Session 6: All Things Wage/Hour: Time Really Is Money
In this session we will cover all things wage-and-hour. We will start with pandemic-related Fair Labor Standards Act (FLSA) issues, what’s been developing under the Biden administration in the last seven months, and the Department of Labor’s independent contractor and joint employment rules. Additionally, we will touch on developments coming out of California, including paying meals and rest period penalties, a plaintiff’s standing to sue under the Private Attorneys General Act (PAGA), and the statute of limitations under PAGA. Lastly, we will discuss current trends in litigation — what we see now and what we anticipate in the future.
Session 7: Workforce Disaster Preparedness: Have We Learned Much Lately?
Recent events including the COVID-19 pandemic, catastrophic wildfires and hurricanes, increased cybersecurity and workplace violence threats, and major social unrest have challenged employers to maintain business continuity. Have we learned from these experiences? Join us for reflection on employment-related actions organizations have taken to address such situations, what has worked well and what has not, and how to be as prepared as possible for whatever emergency circumstances may come your way.
Session 8: Employment Policies: Navigating Deep Waters
When implementing and applying workplace policies, employers must navigate a complex network of federal, state and local employment laws. Navigating that network has become more challenging in the past year with significant changes to employment laws at the state and local level, and the ushering in of a new administration in Washington, which has signaled that federal agencies will broadly enforce federal employment laws.
In this webinar, we will discuss some significant changes in federal, state and local employment laws and the impact those changes may have on employment policies. The webinar will also provide guidance to employers regarding compliance with these new laws, and offer practical tips in terms of both legal compliance and best practices.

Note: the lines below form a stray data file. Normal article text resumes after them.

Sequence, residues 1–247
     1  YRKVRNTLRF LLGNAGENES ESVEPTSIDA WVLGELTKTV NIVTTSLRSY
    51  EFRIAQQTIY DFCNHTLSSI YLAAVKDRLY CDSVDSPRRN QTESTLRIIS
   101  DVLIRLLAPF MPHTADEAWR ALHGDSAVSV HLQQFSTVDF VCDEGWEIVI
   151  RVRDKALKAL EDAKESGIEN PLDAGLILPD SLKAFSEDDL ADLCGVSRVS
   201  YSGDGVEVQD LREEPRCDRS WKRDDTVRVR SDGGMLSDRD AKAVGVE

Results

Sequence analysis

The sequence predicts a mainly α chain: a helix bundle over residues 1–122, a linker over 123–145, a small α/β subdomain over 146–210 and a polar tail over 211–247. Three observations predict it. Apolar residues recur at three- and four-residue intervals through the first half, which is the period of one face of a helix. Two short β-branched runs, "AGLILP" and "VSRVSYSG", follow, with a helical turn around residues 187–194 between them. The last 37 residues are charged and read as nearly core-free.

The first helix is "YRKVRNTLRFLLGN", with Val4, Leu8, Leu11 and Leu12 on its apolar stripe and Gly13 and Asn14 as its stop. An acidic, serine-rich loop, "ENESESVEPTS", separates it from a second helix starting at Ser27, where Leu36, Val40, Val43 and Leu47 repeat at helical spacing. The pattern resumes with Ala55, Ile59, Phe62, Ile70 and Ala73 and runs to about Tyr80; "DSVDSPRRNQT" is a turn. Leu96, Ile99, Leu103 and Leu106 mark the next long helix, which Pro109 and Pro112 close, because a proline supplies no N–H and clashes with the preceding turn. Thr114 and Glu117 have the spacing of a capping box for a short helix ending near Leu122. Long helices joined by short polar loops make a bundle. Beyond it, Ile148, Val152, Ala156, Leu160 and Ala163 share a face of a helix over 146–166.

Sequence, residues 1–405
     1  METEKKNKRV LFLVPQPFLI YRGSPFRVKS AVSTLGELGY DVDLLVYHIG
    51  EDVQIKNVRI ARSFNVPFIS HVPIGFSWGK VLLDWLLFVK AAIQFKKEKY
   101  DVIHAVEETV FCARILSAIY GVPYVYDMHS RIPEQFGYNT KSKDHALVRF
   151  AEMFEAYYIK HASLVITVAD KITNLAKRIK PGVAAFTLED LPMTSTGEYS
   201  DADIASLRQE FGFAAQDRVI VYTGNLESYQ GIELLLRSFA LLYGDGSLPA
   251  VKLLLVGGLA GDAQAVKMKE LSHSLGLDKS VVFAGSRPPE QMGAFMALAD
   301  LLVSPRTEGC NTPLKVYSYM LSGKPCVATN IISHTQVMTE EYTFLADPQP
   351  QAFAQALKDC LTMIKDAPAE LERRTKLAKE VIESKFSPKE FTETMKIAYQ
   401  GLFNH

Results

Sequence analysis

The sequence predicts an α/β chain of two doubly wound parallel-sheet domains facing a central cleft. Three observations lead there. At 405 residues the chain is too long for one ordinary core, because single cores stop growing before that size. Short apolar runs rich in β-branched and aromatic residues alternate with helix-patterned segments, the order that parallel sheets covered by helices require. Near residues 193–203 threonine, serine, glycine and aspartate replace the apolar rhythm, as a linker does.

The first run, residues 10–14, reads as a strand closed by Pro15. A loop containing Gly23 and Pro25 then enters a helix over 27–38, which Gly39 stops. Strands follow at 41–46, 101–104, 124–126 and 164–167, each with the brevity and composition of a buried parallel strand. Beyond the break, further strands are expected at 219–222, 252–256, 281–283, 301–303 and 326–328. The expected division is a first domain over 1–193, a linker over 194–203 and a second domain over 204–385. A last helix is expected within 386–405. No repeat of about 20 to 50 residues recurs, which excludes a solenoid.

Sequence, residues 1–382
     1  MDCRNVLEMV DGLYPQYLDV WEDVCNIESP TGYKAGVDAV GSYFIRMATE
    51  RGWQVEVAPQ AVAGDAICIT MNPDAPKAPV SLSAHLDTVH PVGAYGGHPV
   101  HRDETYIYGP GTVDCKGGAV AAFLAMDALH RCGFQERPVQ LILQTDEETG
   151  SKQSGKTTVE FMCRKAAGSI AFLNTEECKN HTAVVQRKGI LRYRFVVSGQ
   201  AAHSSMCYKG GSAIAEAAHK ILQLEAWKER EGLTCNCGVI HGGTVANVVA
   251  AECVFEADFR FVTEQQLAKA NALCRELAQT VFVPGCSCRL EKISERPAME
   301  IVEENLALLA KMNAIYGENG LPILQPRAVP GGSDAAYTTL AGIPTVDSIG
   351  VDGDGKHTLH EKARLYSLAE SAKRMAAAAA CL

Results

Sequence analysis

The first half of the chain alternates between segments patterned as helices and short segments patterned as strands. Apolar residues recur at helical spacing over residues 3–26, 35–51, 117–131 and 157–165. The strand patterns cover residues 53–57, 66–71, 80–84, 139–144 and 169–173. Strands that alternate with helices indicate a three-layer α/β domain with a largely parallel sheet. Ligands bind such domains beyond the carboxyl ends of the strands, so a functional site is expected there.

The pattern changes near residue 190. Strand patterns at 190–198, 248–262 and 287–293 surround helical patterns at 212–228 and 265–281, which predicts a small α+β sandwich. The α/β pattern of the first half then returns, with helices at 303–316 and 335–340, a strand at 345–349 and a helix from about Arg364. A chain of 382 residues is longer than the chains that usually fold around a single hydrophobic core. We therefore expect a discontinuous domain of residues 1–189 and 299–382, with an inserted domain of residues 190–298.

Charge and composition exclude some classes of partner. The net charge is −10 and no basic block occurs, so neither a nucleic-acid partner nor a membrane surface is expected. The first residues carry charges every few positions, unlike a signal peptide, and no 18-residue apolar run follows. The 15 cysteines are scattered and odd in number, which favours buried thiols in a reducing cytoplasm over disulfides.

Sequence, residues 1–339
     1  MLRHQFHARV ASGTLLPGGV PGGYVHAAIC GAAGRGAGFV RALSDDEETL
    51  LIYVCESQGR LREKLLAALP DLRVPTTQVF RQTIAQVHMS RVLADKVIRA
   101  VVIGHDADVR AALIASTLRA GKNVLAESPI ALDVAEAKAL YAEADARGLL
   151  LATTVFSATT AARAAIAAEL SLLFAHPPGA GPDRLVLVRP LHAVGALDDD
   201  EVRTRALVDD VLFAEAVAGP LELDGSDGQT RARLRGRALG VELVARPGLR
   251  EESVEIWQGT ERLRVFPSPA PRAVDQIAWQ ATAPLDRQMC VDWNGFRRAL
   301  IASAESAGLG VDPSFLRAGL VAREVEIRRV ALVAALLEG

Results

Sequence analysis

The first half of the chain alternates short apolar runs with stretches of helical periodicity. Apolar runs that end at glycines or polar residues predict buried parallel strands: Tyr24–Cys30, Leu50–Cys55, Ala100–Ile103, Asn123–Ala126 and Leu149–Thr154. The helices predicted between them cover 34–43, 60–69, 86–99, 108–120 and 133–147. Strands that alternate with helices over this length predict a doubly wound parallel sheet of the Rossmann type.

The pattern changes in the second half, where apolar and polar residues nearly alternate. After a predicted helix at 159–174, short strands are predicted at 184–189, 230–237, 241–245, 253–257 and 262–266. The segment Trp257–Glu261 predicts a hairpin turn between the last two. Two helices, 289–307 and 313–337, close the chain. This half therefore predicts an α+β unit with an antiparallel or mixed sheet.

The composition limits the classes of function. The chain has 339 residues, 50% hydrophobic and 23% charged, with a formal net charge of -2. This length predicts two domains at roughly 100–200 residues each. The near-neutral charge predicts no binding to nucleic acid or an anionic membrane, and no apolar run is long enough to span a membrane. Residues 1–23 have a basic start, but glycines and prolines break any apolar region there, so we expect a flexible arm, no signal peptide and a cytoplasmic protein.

Session 9: It’s a Wrap: Year-End Reflections and Predictions
2021 has been another challenging year for employers and employees. As we come to the end of the first year of the Biden administration and approach the two-year anniversary of the COVID-19 pandemic, members of our national labor and employment team will reflect on major developments over the last 12 months, and highlight what employers should be thinking about as we prepare to start 2022.
In this session, we will discuss:
- Labor law developments under the Biden administration.
- The impact of President Biden’s executive order for federal contractors, the CMS Rule and the OSHA ETS, and related legal challenges.
- EEOC guidance and developing state laws regarding COVID-19 mandates and exemptions.
- The continuing impact of COVID-19 on when, where and how work is performed.
- Looking ahead: what challenges will employers likely face in 2022?
Questions? Please contact Kelley Stephens or call +1 317 237 1161.
Continuing Education Credit
This program will be sent to the following state bars requesting approval: CA, CO, CT, DE, IA, IL, IN, MN, NJ, NY, PA, TX and VA. As well as HRCI/SHRM.
All approvals are at the decision of the state bar based on content and deadlines.
No applications are currently pending.
The CLE provider for this event, CEU Institute (national CLE provider) will seek 1.0 hour General Law credit for this program.